The Post After The Post I've Been Dreading
December 20, 2005
First, let's tally up the responses to yesterday's post...
Hateful, judgmental or otherwise assvicey emails: ZERO
Loving, understanding or otherwise supportive emails: 300 and counting
Gold star for the Internet! 'Tis a Christmas miracle!
I hate when I get all defensive like that. You'd think that no one ever says anything nice to me, ever, which is not true. Probably 95% of the comments and emails I get are positive, but it's just that the people who take the time to write hate mail tend to fucking eviscerate me.
And while it's one thing when people tell me I have stupid hair, or that I'm a spoiled materialistic whore because I put a link to my baby registry in the stupid sidebar, it's quite another thing entirely when Noah is involved.
Possibly because it makes me overthink the kind of squishy ground we online writers tread when we post the pictures and real names and bowel functions of our children, and partly because I sooner would chew my own arm off than have him hurt, and if you hurt him I'm thinking that it's only fair if I chew YOUR arm off.
Also, my wafer-thin motherhood skin hasn't yet developed any kind of fuck-you-and-what-you-think-of-my-parenting callous, and yeah, I've been working on that metaphor all damn day.
So whenever I thought about how to approach the whole I'm-going-back-to-work topic, I kept composing the possible hate mail I would get with each one. Like this!
Approach #1: Waaah, I'm so sad I'm going back to work and wish I could afford to stay home but I can't, feel sorry for me and my snuffling sadness.
Whatever! You so could afford to stay home! I'm staying home! I just decided that my child is more important than expensive diaper bags and got rid of TiVo. Perhaps you don't really want to stay home, because anyone can stay home if they really love their child enough.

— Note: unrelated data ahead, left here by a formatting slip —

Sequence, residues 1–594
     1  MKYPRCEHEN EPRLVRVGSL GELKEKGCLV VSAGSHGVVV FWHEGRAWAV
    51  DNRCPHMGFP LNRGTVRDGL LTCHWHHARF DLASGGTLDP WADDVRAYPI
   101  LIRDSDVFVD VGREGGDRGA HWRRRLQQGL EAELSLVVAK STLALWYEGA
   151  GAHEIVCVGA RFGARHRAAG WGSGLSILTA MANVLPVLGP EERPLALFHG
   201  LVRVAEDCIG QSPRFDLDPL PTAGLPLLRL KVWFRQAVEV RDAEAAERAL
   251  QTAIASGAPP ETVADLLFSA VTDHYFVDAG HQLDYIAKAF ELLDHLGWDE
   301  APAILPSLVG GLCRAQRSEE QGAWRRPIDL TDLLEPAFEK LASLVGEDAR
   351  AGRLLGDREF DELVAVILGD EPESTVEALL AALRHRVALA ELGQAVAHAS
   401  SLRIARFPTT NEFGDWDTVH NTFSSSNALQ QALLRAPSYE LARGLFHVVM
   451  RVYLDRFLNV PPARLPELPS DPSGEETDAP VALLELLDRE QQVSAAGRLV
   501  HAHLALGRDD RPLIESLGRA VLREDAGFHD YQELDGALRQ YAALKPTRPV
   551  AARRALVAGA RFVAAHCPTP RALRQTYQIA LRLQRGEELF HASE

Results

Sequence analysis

I hope your job pays for a really nice concealer, because otherwise all you'll see is your cold, shriveled and ugly heart when you look in the mirror, like Dorian Gray of the bad parenting world.
Imaginary Hatemailer #1, Who We'll Call Agnes
PS. Also, we moved to Kansas.
Approach #2: Did I mention that I'm going back to work? No? Oh, well, I am, and I feel just fine, let's talk about something else now.
OMG YOU MONSTER. HOW CAN U LEAVE THAT PRECIOUS BABY?> AND NOT CARE? I BET GOD MADE U INFERTILE FOR A REASON.
IMAGINARY HATEMAILER #2, WHO IS CALLED CAPPY MCCAPSLOCK
PS. IF U LOVED NOAH YOU'D MOVE TO KANSAS.
Approach #3: 404: Page Not Found.
God, your site sucks now. It won't even load. You're so lame and boring.
PS. We heard you moved to Kansas. That's lame and boring.
Don't I write interesting hate mail to myself? I should try sending some real hate mail sometime. Except, I never would, because GOD. JUST HIT THE BACK BUTTON AND CALM DOWN. Just because you're anonymous doesn't mean karma can't find you and drop a goddamned anvil on you, or something.
Hatemailers: the asshole roadragers of the Internet, and yeah, I've been working on that metaphor all year.
My point is that I have not gotten any hate mail, other than a couple of Philadelphians who were all, "Wait, what'd we do?"
(Nothing, except tempt us with gorgeous brownstones in our price range and then dash our hopes with the wage tax and property taxes of like, $15,000 a year. And you made my mother-in-law cry, because she was SO HOPING we'd move to Philly so she could be near Noah and I could stay home, and yeah, my own family hasn't been exactly supportive of my decision to go back to work, so why would I expect the Internet to be any different?)
After hitting the "publish" button on yesterday's entry, I took Noah to his daycare and spent a few hours there with him, getting to know the teachers and the other snotty-nosed brats whose parents work and don't love them very much.
And really, it was very nice. The teachers are affectionate and gentle. They tell the babies they love them. And they work with an eerie precision and efficiency to make sure that no baby is fussing or upset or even left glassy-eyed and bored in a bouncy seat. Honestly, I'm lucky if I can keep Noah that entertained and content for half the day.
And Noah did great. When we first arrived, he kept looking for me, whether he was on the floor or in the teacher's arms. After an hour, he no longer seemed concerned. He smiled at his teacher, seriously studied a pretty little nine-month-old girl and shrieked with delight over a handmade mobile of Mardi Gras beads that hung from the ceiling.
He'll be fine. I'll just miss him, is all.